The evolution of video game theme parks had arrived.
In the mid-1990s, gaming technology had evolved so quickly from the humble gaming console at home, to popular arcade places (TimeZone, for example) it was time to cash in on the phenomenon. Village Roadshow had already developed large indoor entertainment complexes called Intencity, which incorporated the latest in arcade machines, bowling, virtual reality game sets, and interactive sports (indoor golf).
The competition for which was a better gaming console (Sega, Nintendo, PlayStation) was a heated battle. In 1994, one brand tried to come out on top. That brand was SEGA.
SEGA had already established popular indoor theme parks in Dublin, Japan and London, so company JacFun Pty Ltd decided to bring the fun to Australia, by buying up a long term land lease in the heart of Darling Harbour, Sydney. Install a big red building with a large blue cone in the middle of it, throw in the latest in gaming technology, and you have the largest indoor theme park in the southern hemisphere – SEGA World.
But the development wasn’t all chalk-and-cheese.
In 1995, the idea of having SEGA World located in Darling Harbour had not ‘been approved’, with a few head-scratchers coming from the political side of things. With the idea eagerly pushed by SEGA, the plan of having the technological theme park had to be tested to the public, through the media.
Towards the end of 1995 though, a ‘thumbs up’ was pushed through, enabling for Darling Walk to be dug up for SEGA, thanks to then Minister Michael Knight.
Using SEGA’s iconic Sonic The Hedgehog as the driving force to promote the entertainment complex, SEGA World opened in 1997 for all the world to see. Entering the premises with simply up a small escalator, but once inside, you would walk through a ‘time tunnel’ full of colourful lights to highlight the theme of ‘past, present and future’ in gaming and technology.
The one-level complex was filled with 3D motion rides, dodgem cars fitted out with ball shooters, virtual reality rides, arcade machines, stage shows and much more – over 200 amusement games for old and new people. For the right amount, you could book out the entire complex for a private party.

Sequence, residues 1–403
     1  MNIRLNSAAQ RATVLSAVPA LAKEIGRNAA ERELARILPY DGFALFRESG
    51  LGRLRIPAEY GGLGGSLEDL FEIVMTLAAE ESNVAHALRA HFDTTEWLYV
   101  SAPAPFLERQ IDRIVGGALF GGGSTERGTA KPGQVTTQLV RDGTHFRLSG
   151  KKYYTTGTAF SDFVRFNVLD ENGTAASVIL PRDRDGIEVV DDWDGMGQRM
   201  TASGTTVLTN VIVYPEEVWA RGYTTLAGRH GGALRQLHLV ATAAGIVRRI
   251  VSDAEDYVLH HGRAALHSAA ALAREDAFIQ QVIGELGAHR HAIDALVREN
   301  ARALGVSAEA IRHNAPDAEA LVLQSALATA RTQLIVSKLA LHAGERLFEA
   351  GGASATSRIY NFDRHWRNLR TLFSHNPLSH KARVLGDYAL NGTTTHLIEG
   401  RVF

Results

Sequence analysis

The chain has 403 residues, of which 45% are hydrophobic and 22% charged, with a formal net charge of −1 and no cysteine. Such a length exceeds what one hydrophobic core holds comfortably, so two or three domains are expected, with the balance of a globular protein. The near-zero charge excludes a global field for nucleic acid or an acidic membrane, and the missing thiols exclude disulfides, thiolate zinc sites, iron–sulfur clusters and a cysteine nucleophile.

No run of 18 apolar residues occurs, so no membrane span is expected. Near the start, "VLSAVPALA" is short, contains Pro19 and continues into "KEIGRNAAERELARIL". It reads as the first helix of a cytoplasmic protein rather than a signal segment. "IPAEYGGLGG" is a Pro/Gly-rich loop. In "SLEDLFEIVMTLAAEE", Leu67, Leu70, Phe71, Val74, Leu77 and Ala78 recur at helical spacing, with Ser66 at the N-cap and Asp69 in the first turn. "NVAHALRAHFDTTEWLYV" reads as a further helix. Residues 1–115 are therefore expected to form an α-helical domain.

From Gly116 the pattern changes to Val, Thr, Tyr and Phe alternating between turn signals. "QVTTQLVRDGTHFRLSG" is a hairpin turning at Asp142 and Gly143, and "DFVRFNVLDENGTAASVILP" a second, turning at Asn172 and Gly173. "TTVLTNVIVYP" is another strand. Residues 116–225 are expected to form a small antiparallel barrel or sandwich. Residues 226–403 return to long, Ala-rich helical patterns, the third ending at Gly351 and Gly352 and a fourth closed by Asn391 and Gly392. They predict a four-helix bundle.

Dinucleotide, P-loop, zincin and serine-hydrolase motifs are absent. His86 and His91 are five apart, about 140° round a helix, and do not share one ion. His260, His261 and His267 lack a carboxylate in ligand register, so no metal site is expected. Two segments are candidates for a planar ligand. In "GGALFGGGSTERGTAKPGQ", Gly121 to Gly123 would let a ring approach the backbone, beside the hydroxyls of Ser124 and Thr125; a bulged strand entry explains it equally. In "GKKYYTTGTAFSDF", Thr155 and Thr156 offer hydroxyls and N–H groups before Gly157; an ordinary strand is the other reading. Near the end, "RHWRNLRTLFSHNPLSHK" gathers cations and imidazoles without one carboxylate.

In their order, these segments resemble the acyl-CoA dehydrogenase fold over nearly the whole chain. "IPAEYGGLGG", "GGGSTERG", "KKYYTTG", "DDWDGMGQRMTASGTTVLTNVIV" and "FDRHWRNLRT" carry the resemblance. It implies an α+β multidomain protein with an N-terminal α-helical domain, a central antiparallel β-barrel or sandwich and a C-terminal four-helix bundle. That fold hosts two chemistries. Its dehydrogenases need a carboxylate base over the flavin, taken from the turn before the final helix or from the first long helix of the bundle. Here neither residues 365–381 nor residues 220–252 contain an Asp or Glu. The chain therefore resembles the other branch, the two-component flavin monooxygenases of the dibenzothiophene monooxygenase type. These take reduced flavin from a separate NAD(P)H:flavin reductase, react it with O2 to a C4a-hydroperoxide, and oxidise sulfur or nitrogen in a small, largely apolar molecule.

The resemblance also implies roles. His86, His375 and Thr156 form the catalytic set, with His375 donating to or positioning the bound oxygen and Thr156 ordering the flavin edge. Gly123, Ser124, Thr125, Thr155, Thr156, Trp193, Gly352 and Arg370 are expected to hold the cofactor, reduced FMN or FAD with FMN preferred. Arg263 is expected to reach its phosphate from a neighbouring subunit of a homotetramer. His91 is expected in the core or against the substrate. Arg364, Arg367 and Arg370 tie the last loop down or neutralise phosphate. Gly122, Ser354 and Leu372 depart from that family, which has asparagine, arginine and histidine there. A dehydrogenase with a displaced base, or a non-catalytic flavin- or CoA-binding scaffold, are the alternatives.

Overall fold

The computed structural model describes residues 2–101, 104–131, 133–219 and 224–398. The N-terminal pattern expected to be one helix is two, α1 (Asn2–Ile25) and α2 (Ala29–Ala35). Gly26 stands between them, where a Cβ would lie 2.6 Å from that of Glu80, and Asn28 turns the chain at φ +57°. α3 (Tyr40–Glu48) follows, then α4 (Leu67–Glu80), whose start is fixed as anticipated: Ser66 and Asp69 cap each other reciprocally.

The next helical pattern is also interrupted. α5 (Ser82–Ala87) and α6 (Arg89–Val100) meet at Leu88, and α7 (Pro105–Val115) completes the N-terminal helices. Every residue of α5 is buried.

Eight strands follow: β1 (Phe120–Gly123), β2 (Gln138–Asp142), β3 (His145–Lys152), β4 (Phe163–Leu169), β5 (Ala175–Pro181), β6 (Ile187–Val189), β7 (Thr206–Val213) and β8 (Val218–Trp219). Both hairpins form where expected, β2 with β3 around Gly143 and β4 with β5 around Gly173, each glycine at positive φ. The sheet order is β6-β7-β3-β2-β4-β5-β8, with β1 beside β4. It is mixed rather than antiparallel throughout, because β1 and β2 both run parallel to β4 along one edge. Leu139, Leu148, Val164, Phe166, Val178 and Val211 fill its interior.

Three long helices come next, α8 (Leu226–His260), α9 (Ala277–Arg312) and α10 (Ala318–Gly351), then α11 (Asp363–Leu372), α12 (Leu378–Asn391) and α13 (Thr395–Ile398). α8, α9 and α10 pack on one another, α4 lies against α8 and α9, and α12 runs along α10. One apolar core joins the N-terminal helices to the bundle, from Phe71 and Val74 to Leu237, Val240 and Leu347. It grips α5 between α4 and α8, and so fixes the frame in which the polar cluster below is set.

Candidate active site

Entry to the park itself was $30 for adults and $25 for childen, which in 1997, was pretty pricey for the time. To play the games, you would trade cash for “Sonics” – specially made coins with Sonic’s face on it. I remember keeping one after my one and only visit, and after a couple of years, it started to rust. Eventually the coins were replaced by a plastic swipe card which stored your “Sonics” credit on it, which you would swipe the machine to play a game.
It was the ‘must go to’ destination when you were growing up in the 1990s. You would visit the Powerhouse Museum, check out a film at IMAX, eat some junk at McDonald’s, then knock out a few games in SEGA World.
By 1999, the novelty had worn off, and the customer count had dropped dramatically. As Sydney was hosting the 2000 Olympic games, SEGA World planned to capitalise on the tourism dollar, but it was not meant to be. It barely was able to stay profitable, and in late 2001, SEGA World Sydney shut down, for good.
For years, the building laid dormant, at one stage turning into a furniture expo. But after a big legal battle with the State Government and JacFun Pty Ltd over land lease issues, in 2008, the blue cone eventually was pulled down.
As of today, the Commonwealth Bank of Australia has a highly energy and environmentally efficient building in place of what would have been a high energy-drain theme park… and lost teen memories.